Political campaigns are not the best venue for dealing with complicated public-policy issues. Candidates and their consultants tend to formulate their views in capsule form (often referred to as “30-second sound-bites”) and shape them to the specific audiences that they happen to be addressing.
Candidates from each of the major parties tend to repeat familiar phrases over and over again when speaking about issues of poverty, education, health insurance, immigration, national security, taxes, abortion and the like. As a result, many of these complex topics are oversimplified or twisted beyond recognition.
One such issue is the role of Islam in world affairs and its place in the family of religions. Islam and Muslims generally have become scapegoats for the world’s ills, particularly terrorism in its multiple forms. An ugly word has made its entrance into common political discourse: Islamofascism.
So odious has the Islamic connection become, that at one point in the current campaign, one candidate had to make clear that he is a Christian, not a Muslim, despite his name and his early educational background.
James Carroll, a prolific author and a regular columnist for The Boston Globe, addressed this issue head on in a recent piece entitled, “Islamofascism’s ill political wind” (1/21/08).
“Religious intolerance,” he writes, “marks one candidate debate after another — a sweeping denigration of Islam.”
“The code word ‘Islamofascism’ has become a staple of rhetoric. It braces the talk not only of pundits, but of all the major Republican candidates,” one of whom describes it as “the greatest threat this country (has) ever faced.”
Carroll notes that the linkage between Islam and fascism has no parallel in the way other religions are characterized, even though the “defining movements” of fascism were connected with Catholicism — indirectly under Benito Mussolini in Italy and explicitly under Francisco Franco in Spain.
Not even the Protestant and Catholic terrorists in Northern Ireland were tagged with the fascist label, nor were Hindu extremists in India or Buddhist extremists in Sri Lanka.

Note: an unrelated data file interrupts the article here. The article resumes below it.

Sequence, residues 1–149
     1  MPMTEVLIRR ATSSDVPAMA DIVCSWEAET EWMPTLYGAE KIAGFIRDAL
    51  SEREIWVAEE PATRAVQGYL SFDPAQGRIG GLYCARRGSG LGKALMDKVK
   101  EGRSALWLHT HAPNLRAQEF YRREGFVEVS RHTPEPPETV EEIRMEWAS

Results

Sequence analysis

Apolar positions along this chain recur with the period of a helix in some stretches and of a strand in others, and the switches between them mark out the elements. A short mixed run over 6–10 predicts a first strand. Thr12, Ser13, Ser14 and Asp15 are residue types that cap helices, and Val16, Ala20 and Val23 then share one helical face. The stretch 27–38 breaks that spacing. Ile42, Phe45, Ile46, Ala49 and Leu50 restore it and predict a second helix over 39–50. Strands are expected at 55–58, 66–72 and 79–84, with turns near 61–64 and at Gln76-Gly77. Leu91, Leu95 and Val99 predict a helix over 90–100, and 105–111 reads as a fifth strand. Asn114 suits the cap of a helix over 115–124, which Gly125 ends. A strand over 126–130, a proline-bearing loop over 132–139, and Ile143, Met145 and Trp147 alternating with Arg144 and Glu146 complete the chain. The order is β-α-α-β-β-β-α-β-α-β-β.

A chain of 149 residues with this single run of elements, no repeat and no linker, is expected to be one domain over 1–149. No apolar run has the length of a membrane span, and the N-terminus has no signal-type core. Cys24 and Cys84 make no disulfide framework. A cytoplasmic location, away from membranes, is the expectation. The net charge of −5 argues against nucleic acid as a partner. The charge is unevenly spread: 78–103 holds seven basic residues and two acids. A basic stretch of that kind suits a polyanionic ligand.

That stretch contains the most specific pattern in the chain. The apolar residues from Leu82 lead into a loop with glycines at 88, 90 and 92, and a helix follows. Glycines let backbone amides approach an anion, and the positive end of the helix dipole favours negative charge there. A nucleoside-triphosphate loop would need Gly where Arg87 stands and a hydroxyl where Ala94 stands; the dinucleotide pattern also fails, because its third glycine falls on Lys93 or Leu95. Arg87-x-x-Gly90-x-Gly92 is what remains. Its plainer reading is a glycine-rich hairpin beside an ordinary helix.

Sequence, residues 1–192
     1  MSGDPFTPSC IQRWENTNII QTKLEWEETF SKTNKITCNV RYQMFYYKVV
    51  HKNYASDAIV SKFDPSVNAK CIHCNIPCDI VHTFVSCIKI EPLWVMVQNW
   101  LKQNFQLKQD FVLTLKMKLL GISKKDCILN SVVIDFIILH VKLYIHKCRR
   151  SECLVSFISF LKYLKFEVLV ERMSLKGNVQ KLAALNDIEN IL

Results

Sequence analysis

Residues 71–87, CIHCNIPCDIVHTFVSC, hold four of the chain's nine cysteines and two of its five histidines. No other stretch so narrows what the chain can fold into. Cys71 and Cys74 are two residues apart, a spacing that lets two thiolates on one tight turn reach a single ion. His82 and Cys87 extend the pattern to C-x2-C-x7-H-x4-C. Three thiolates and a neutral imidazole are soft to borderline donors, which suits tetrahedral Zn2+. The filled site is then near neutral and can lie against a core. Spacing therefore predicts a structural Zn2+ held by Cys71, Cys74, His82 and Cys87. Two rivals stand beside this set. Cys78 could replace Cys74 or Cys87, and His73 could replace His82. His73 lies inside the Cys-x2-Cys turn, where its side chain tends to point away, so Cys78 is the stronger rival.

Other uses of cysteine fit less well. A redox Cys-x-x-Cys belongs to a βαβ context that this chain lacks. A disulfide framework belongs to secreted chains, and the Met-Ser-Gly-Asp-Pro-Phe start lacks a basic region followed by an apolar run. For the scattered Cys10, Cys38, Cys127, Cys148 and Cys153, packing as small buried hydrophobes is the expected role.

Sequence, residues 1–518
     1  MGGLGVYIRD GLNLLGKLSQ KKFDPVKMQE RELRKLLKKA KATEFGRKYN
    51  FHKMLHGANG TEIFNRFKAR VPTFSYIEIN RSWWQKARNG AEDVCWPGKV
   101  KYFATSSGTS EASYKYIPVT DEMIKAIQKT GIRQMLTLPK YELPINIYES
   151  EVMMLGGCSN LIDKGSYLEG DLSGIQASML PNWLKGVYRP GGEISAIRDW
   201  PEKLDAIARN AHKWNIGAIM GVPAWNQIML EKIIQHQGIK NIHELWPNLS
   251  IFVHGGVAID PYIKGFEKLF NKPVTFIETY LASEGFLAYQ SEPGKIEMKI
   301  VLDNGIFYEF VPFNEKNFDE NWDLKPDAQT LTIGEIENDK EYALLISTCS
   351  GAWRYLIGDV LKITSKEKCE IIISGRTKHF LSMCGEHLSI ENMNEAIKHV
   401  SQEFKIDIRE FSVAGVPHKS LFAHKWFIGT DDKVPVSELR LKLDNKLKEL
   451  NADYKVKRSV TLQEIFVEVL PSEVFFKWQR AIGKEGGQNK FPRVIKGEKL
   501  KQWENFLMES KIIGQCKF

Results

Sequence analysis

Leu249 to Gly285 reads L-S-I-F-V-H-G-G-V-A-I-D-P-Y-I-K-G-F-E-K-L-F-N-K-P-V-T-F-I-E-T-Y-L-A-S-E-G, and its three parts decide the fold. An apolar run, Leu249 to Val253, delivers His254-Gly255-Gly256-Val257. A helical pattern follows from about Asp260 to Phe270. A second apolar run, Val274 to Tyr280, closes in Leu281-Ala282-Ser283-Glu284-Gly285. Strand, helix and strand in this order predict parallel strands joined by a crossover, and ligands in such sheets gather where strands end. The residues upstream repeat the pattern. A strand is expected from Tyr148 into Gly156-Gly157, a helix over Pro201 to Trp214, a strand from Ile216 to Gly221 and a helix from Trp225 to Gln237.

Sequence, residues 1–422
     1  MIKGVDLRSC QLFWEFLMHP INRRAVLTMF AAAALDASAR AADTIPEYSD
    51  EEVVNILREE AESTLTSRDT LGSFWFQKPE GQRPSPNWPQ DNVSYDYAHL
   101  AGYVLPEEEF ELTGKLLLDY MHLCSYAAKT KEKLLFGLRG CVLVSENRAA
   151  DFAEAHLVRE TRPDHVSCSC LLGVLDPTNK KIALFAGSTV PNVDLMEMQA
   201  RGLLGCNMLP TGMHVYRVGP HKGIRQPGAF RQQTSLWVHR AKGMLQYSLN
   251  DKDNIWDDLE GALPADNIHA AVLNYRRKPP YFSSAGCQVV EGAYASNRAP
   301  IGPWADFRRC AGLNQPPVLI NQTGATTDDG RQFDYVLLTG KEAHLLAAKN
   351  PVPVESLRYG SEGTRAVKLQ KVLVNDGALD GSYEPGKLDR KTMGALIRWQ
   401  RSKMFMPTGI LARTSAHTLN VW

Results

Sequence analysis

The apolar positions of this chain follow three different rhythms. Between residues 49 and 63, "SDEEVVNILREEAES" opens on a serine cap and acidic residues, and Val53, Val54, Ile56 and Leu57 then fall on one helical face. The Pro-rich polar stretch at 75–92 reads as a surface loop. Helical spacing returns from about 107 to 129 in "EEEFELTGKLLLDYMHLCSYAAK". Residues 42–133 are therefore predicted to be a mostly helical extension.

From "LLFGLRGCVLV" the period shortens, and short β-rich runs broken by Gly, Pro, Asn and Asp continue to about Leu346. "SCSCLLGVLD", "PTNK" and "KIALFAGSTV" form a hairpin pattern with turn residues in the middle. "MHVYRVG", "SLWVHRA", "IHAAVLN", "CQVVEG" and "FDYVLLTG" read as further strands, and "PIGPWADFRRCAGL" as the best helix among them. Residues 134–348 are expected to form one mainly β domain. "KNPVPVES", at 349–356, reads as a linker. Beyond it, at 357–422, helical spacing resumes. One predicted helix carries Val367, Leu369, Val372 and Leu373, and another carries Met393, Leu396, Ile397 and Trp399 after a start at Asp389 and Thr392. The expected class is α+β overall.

“The intellectual and moral paralysis of all major candidates from both parties on the subject of the war in Iraq,” Carroll continues, “is mainly a result of their religion-sponsored imprisonment in the Islamofascism paradigm, whether they use the word or not.
“By emphasizing that the goal of Muslim terrorists is to wage what John McCain calls a ‘transcendent’ war against ‘us,’ candidates miss the most important fact about the conflicts in Iraq and throughout the Muslim world — that militant Muslim zealots are primarily at war with their own people, most of whom they regard as decadent apostates.”
Citing the Muslim scholar Reza Aslan, Carroll points out that Osama bin Laden’s attack on the World Trade Center was aimed more directly within the house of Islam than at the West.
“The strategy worked,” Carroll concludes, “sparking exactly the belligerent reaction he wanted, because America’s uninformed, religious prejudice toward Islam was predictable.
“What bin Laden could not have imagined was that he would find like-minded partners-in-conflict coming to power in Washington, advancing his religious war, every bit as sure of God’s sponsorship as he.”
My colleague at Notre Dame, Asma Afsaruddin, a specialist in Arabic and Islamic studies, has made similar arguments on behalf of mutual understanding and respect, but at scholarly as well as popular levels. Her substantial article, “Celebrating Pluralism and Dialogue: Qur’anic Perspectives,” appeared this past summer in the Journal of Ecumenical Studies.
Professor Afsaruddin focuses therein on three quranic concepts: the knowledge of one another, based on respect for diversity and difference; the commonality that human beings share, based on their righteousness and ethical conduct rather than on religious labels; and the reconciliation of hearts, which is “a cornerstone of Islamic peace-building.”
Her opening sentence says it all: “Dialogue, particularly interfaith dialogue, and respect for pluralism have never been as critically important as they are at the present time in the United States, in the post-September 11 milieu.”
“Dispelling strongly entrenched stereotypes about religious communities,” she continues, “is, admittedly, not an easy task, but it remains essential in our current fraught political climate.”
Hers is a call for forgiveness, compassion and reconciliation, and for seeing these as central ingredients in the common-ground mix that unites the three major monotheistic religions, Islam, Judaism, and Christianity, rooted as they are in the Quran and in the Old and New Testaments.
Linking Islam with fascism only poisons the interreligious atmosphere and makes the achievement of such goals more and more difficult.
One prays not only for the realization of these ideals, but for the quick and merciful end of this and other political campaigns.
Father McBrien is a professor of theology at the University of Notre Dame.